Someone – Goku? germy? – wanted me to see that China has built 120 new missile silos in their western desert.[Disclosure: Jeffrey Lewis has been a friend for years, and we have consulted each other on many things. Our political views are similar, but he has a punchier way of expressing them.]
There’s a lot that can be said about this discovery and the current state of relations with China, but I don’t have time right now, so a few highlights only.
That China is increasing its nuclear capabilities is not surprising. Both Russia and the United States, which have several thousand nuclear weapons each, are modernizing their nuclear forces. China has 200 to 300 nuclear weapons.
China has stated that they regard their nuclear force primarily as a deterrent. These new silos add to that deterrent. Because China doesn’t have enough plutonium to make weapons to fill all those silos, speculation is that China will move missiles from one silo to another to provide a changing target.
A summer intern, Decker Eveleth, found the silo field by looking at overhead photos. This is a specialty of Lewis’s and his students, who have refined the technique. They prepared a media strategy to announce the find, because they wanted to shape how it was received. There is currently a fair bit of agitating against China by people who seem to be itching for a war. Finding a new capability could stoke their agitating.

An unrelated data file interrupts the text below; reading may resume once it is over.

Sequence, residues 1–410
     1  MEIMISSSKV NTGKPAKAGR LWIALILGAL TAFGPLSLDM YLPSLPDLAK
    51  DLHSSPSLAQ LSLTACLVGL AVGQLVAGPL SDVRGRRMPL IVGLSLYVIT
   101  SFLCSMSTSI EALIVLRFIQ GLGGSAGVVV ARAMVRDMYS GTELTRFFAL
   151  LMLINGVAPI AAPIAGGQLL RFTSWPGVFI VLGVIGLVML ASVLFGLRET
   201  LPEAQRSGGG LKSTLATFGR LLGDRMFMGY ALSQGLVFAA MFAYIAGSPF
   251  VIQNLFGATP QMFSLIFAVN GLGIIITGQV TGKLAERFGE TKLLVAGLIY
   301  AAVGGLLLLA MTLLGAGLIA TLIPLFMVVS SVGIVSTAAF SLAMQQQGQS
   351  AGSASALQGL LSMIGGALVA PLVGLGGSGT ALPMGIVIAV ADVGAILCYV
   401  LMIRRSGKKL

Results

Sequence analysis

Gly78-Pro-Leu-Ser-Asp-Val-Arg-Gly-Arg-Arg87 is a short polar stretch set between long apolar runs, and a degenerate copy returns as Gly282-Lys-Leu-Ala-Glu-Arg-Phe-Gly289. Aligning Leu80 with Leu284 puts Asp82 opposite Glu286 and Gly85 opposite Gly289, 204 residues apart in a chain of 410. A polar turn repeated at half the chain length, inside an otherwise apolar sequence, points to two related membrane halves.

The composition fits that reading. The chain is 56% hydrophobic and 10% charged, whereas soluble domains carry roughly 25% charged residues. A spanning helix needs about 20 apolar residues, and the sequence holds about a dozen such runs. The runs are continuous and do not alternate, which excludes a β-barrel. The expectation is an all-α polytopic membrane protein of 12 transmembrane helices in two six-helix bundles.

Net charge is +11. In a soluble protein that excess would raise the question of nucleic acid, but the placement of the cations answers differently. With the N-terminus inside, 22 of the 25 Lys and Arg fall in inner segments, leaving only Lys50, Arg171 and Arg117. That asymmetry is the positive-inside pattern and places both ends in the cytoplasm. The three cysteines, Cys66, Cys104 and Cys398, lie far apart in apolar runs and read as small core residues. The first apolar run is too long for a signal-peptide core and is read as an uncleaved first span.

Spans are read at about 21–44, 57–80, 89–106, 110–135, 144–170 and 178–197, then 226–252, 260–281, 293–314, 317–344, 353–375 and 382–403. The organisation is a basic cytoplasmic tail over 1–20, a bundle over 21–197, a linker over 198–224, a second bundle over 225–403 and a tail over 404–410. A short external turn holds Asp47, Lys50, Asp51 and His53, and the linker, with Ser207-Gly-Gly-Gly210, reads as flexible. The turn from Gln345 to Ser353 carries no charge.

They announced the discovery to Joby Warrick at the Washington Post, who wrote a story about it. James Acton, at the Carnegie Endowment for International Peace, wrote an analysis, as did Lewis. Wonkier parts can be found here and in a podcast.
The Washington Post Editoral Board called for arms control talks with China, in response to the find. China does not want arms talks until the US and Russia take their numbers much further down, or perhaps until their numbers are higher.
Open source intelligence continues to be played down by government professionals, but this find illustrates that it has the potential to affect policy. Did government analysts find this field but not say anything about it? Does its revelation by a non-governmental organization with its own spin make a difference in policy and public perception?
Cross-posted to Nuclear Diner